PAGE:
Keep an Eye on your Floaters

Floaters are an odd thing about our vision. These see-through lines or strings seem to look like a specimen of pond water put under a microscope. But instead of a petri dish, they’re floating about in front of your vision, hence the name floater. When you’re looking at a detailed background, such as a forest of trees, you won’t see them. But it you look up at the clear blue sky above, your floaters will be swimming around against the plain background. It’s as if they’re alive because when you try and focus on an individual floater, it seems to swim or squirm out of the way, moving to the outer areas of your vision.

Floaters are another part of aging, as fibers clump within the vitreous gel on the inside of our eyes. They are harmless in most people, but a sudden increase in floaters can be a sign of retinal detachment, and you should see us at Central Valley Eye Medical Group immediately. Otherwise, if your floaters are becoming a perpetual distraction in your vision, our board-certified ophthalmologists can perform laser vitreolysis to remove the floaters.

What are floaters?

Eye floaters appear to be in the front of your eye, maybe on the lens. In reality, they are in the center of your eye’s interior. Our eyes are filled with vitreous, a jelly-like material that fills the inner eye. As we age, the gel becomes more liquid. When this happens, microscopic collagen fibers in the vitreous tend to clump together forming the shapes you see drifting in front of your vision. They appear to be in front of your eye, but the clumps are actually casting shadows onto the retina in the back. It is these shadows that we perceive as floaters.

Are there different types of floaters?

There are different types of floaters and they have different causes. Most can be treated with laser vitreolysis, although diffuse floaters usually need other treatment.

  • Fibrous strand floaters — These are most common in young people. They appear as multiple dots and/or string-like cobwebs. They form when there is clumping in the collagen fibers of the vitreous.
  • Diffuse floaters — These floaters look like small clouds. They are caused by aging and changes in the vitreous.
  • Weiss Ring floaters — These are large, fibrous floaters that are ring-shaped. They can be quite annoying due to their size. They are far enough away from the crystalline lens and the retina and can usually be effectively removed through laser vitreolysis.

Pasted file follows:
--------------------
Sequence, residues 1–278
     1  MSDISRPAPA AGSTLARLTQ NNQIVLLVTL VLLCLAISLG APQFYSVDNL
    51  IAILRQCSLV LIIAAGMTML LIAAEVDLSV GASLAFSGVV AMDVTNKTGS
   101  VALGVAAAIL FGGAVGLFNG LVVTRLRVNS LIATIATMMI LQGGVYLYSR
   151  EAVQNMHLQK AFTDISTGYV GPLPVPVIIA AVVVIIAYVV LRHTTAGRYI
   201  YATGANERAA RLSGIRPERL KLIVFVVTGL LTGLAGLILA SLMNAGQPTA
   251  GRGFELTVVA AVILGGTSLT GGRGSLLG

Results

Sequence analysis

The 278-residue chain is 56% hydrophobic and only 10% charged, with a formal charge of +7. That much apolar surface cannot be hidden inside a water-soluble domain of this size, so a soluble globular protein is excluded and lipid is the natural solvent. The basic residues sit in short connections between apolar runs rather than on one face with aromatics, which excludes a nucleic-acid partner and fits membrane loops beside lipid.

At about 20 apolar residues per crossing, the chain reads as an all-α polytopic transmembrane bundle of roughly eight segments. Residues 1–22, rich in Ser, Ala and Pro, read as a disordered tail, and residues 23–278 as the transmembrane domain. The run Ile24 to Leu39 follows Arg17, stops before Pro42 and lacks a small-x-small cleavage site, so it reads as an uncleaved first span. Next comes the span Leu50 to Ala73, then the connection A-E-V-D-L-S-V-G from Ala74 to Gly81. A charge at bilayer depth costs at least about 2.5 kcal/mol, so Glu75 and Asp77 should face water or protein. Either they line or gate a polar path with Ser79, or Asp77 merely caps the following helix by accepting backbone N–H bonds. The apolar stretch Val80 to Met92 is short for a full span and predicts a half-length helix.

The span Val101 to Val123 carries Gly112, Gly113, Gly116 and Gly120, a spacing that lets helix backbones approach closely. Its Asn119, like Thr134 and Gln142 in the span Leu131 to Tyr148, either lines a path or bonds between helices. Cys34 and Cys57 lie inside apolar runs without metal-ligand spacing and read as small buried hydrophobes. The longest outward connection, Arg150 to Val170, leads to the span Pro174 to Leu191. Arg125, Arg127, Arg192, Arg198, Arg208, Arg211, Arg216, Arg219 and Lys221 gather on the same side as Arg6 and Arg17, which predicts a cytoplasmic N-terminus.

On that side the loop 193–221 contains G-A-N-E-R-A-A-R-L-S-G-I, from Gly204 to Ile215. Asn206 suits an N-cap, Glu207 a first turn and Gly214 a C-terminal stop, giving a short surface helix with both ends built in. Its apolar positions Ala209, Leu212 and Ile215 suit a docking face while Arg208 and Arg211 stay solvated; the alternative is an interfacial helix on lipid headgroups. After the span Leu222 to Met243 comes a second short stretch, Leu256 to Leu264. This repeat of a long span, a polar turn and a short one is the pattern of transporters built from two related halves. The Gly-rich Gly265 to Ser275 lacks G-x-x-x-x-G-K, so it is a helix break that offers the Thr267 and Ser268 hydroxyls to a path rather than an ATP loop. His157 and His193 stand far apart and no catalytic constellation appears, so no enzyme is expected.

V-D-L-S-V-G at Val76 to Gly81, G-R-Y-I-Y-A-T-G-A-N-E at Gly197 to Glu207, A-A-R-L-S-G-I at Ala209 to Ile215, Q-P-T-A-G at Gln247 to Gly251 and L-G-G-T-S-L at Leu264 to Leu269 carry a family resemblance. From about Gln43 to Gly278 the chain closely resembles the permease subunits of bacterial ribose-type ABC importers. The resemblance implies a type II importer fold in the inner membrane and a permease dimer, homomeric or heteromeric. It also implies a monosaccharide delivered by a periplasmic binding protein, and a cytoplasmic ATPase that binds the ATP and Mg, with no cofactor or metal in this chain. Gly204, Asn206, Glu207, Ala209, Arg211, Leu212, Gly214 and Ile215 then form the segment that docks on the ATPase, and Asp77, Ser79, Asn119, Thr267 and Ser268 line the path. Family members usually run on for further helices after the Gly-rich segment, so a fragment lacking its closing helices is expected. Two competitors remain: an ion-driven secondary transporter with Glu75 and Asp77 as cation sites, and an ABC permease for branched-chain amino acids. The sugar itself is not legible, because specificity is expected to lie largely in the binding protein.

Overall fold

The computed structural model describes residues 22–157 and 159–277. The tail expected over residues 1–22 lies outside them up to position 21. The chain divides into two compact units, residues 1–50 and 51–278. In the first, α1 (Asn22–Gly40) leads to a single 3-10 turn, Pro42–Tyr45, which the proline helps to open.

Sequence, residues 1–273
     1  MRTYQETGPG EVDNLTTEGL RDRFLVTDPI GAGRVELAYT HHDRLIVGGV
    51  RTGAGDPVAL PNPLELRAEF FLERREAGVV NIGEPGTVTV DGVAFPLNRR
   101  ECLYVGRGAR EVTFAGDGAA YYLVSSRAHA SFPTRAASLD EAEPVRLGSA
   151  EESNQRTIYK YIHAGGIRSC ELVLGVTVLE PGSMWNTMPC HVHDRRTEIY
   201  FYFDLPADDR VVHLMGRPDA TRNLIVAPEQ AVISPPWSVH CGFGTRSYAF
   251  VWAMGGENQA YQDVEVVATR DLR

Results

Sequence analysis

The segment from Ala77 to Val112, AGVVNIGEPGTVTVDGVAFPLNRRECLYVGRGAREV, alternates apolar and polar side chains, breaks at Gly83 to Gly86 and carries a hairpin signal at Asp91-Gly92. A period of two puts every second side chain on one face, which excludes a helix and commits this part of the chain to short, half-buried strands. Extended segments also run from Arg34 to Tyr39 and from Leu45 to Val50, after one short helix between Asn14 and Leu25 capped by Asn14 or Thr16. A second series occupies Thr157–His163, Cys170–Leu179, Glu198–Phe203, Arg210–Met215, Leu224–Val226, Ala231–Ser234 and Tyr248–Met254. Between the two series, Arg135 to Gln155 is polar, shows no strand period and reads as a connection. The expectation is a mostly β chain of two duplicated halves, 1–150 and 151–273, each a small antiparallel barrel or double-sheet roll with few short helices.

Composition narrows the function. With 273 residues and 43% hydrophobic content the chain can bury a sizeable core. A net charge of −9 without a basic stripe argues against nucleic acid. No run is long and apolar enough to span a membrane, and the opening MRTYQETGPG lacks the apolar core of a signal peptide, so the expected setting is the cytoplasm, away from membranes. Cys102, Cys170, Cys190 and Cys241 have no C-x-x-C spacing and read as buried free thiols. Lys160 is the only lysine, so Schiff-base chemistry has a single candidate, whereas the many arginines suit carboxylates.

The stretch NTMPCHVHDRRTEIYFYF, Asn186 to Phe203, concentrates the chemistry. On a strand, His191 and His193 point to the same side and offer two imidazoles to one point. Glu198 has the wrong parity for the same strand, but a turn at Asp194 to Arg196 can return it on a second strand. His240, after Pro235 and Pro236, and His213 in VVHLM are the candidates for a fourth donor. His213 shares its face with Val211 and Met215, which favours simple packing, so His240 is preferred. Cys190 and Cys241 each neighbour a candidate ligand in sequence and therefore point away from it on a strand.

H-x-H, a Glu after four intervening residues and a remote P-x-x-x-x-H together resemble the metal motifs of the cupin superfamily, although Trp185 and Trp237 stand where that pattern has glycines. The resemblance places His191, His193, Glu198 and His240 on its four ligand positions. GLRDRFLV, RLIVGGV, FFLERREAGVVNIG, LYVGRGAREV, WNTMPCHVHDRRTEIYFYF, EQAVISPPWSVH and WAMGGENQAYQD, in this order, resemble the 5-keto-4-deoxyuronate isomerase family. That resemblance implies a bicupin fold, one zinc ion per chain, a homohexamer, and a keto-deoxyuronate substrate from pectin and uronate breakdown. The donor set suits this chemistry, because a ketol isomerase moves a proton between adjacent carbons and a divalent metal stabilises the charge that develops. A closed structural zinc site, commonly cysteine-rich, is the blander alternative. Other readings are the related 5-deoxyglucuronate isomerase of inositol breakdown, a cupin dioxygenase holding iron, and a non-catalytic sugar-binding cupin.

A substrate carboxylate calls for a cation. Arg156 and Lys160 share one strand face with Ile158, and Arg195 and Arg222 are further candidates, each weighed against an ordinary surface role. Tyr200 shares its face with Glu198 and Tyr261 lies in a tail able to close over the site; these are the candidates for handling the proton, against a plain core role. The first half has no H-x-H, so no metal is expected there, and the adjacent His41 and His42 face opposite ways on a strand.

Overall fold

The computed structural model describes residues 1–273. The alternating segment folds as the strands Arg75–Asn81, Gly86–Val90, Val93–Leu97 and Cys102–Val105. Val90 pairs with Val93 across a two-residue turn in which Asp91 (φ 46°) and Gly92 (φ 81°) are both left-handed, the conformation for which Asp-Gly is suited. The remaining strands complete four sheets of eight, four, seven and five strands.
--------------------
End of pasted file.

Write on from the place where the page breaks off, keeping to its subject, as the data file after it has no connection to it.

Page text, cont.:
What is laser vitreolysis like for the patient?

Laser vitreolysis with your Central Valley ophthalmologist is non-invasive and pain free. First, we place anesthetic eye drops into your eyes. There is no pain. You will notice small, dark specks and shadows during treatment. These are the floaters that are being evaporated and turned into small gas bubbles. The eye will absorb these bubbles quickly. After your session, we will place some anti-inflammatory eye drops in your eyes. It’s a pretty simple procedure.

Are you becoming annoyed by the increase in floaters that has occurred with the passing years? Come see us at our three Central Valley Eye Medical Group locations, and let’s see if vitreolysis would be right for you. Call us at (800) 244-9907 to make your appointment.

Posted in: Flashes & Floaters

CONTACT US FOR MORE INFORMATION

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Dear Friends,

We at Central Valley Eye hope that you and your families are well. To continue to protect the health of our patients and staff during the coronavirus pandemic, we are taking all reasonable precautions as we provide the eye care that our community needs:

  • All patients and staff must now wear masks within the clinic building. Please bring one from home.
  • Whenever appropriate, we are rescheduling patients with fever, cough, or cold symptoms
  • We have adjusted our schedule to decrease the number of patients in our waiting rooms
  • We have increased our already strict sanitizing practices
  • Whenever appropriate, we are diverting visits to telemedicine (by cell phone, tablet, laptop, or desktop). Please contact us for further details at 209-952-3700.

If you are unsure whether to come in for your visit, please call us.

Following state guidelines, the doctors at Central Valley Eye have recently resumed performing elective surgeries. Our surgery coordinators will be contacting patients to reschedule the surgeries that needed to be postponed. We appreciate your patience during this time.

If you have any questions, please do not hesitate to contact us at 209-952-3700.

Warmest regards,

Brandy Simpson
Practice Manager
Central Valley Eye Medical Group, Inc.